Recent news about a delegation of Rwandan businesses that have been invited to Ghana to explore business opportunities underlines the growing realisation that Africa needs to do more business with itself.
The move provides the opportunity for Rwandan traders and producers to find new markets for local produce.
While Africa should continue exploring opportunities to do business with the rest of the world, the difficulties associated with overseas trade, as the ongoing negotiations between the East African Community (EAC) bloc and the European Union show, should motivate the continent to maximise business opportunities inside its borders.
But the continent will need to invest in infrastructure including roads, railways and airports to enable individual nations to trade with each other, and also ease restrictions on movement of people and goods and services.
The growing interest in Rwandan commodities among several West African nations such as Gabon and the Republic of Congo, prompted by the ever-increasing RwandAir flights to that part of the continent, is testimony to the benefits that comes with easy access and travel on the continent.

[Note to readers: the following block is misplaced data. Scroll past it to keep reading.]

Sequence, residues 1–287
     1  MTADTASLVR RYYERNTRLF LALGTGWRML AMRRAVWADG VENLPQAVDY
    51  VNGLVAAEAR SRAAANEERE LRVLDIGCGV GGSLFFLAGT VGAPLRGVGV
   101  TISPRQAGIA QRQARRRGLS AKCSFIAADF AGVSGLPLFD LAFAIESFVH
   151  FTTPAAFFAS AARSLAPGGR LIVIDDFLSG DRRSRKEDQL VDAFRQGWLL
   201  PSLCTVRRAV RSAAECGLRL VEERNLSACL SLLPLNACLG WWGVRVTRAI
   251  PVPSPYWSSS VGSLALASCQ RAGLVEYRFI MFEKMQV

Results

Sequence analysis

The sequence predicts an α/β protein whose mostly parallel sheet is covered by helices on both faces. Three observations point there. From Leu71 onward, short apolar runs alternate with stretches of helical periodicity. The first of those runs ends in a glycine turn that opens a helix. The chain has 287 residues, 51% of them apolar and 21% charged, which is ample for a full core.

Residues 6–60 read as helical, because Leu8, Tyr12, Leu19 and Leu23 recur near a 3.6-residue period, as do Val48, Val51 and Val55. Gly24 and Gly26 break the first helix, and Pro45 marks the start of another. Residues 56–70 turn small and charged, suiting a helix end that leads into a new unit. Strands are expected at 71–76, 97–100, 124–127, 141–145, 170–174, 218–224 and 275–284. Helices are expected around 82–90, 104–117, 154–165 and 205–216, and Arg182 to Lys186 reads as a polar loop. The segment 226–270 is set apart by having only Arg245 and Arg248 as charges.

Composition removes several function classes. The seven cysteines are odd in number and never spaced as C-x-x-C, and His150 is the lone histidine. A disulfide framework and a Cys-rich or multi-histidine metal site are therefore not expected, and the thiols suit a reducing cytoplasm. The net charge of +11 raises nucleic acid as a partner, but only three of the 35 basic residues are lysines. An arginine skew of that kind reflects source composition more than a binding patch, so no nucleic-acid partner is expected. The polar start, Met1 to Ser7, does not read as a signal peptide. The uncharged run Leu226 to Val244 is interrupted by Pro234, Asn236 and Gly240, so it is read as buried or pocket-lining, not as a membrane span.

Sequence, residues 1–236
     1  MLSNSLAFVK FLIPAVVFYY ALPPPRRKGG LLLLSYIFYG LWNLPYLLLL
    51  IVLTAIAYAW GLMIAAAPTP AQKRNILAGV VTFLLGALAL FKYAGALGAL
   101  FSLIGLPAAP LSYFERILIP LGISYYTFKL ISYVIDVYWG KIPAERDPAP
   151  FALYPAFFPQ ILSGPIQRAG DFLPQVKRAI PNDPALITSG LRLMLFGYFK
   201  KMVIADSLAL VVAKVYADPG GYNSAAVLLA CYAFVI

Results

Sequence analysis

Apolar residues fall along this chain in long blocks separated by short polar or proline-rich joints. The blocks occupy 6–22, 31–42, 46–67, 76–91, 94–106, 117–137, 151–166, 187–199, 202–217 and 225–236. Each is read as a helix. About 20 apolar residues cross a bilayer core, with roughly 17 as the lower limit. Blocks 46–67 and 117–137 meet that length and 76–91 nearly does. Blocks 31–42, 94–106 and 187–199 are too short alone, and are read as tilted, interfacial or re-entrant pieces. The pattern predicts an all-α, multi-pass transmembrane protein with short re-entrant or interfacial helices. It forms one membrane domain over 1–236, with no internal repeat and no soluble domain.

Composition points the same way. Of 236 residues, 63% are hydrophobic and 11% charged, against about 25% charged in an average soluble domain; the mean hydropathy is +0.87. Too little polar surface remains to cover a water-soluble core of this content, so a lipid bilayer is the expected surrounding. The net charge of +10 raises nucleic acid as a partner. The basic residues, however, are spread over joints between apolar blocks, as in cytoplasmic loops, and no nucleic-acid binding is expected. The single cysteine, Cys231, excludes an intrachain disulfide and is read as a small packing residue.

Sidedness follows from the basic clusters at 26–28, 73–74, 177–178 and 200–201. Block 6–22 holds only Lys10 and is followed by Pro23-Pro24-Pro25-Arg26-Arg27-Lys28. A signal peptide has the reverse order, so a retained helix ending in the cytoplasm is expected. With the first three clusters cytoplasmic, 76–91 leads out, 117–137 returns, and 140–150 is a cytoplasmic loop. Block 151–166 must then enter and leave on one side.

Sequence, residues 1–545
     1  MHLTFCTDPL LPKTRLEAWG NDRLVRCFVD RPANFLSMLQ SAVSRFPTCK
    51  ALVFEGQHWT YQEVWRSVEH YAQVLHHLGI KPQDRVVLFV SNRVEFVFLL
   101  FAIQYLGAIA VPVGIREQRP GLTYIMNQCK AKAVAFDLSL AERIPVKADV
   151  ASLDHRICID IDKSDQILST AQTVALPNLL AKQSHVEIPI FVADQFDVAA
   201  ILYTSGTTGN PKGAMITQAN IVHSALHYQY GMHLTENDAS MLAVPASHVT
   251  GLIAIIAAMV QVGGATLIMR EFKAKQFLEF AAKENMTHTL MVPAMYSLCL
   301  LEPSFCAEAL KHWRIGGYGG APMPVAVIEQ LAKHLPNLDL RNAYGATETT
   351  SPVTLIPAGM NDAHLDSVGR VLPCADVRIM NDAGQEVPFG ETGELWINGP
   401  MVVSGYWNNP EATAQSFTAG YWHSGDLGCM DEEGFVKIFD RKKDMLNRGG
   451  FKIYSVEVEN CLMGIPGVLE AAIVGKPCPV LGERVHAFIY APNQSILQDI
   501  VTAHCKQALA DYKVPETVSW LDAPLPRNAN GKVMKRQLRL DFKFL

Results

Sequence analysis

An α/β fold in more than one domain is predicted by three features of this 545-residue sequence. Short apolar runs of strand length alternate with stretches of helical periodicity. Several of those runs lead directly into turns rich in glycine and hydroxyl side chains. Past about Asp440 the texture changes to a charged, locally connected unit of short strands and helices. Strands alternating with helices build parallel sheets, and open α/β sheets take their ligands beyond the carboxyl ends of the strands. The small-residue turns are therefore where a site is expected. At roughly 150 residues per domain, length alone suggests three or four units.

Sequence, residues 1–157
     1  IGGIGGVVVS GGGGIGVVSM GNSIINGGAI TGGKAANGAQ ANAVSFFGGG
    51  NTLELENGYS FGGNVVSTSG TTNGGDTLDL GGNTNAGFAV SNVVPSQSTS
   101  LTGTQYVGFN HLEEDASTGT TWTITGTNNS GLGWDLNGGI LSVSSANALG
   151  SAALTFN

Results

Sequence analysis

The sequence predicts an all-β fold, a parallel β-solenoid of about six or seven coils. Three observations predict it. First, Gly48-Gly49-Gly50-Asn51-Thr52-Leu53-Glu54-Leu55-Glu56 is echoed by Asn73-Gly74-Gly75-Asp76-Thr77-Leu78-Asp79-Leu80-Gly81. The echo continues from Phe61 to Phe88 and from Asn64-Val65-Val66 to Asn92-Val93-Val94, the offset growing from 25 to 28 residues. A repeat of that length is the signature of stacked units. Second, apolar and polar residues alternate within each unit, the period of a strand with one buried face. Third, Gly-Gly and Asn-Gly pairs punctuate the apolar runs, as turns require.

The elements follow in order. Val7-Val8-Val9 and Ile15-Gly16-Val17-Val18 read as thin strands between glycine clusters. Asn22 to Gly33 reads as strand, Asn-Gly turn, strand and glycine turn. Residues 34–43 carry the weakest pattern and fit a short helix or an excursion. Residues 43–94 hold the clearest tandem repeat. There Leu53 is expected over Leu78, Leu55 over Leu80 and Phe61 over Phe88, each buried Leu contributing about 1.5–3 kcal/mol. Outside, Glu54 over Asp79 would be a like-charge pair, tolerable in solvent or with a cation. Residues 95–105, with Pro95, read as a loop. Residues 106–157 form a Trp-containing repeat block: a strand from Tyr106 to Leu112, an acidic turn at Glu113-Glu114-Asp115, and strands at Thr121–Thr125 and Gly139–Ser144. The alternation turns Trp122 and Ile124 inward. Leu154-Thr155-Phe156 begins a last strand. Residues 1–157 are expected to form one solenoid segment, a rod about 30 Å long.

The national carrier now flies to the Ghanaian capital Accra five times a week, and this seems to be the main factor behind the recent move between businesses on either side to develop interest in doing business with each other.
But regardless of how far intra-Africa trade can go with regard to volume and range of merchandise, value addition will remain an important factor as far as unlocking the continent’s full business potential is concerned.
That’s why African political leaders and the captains of industry should continue to work closely to create conditions that allow value addition, innovation and cross-border movement of people and goods.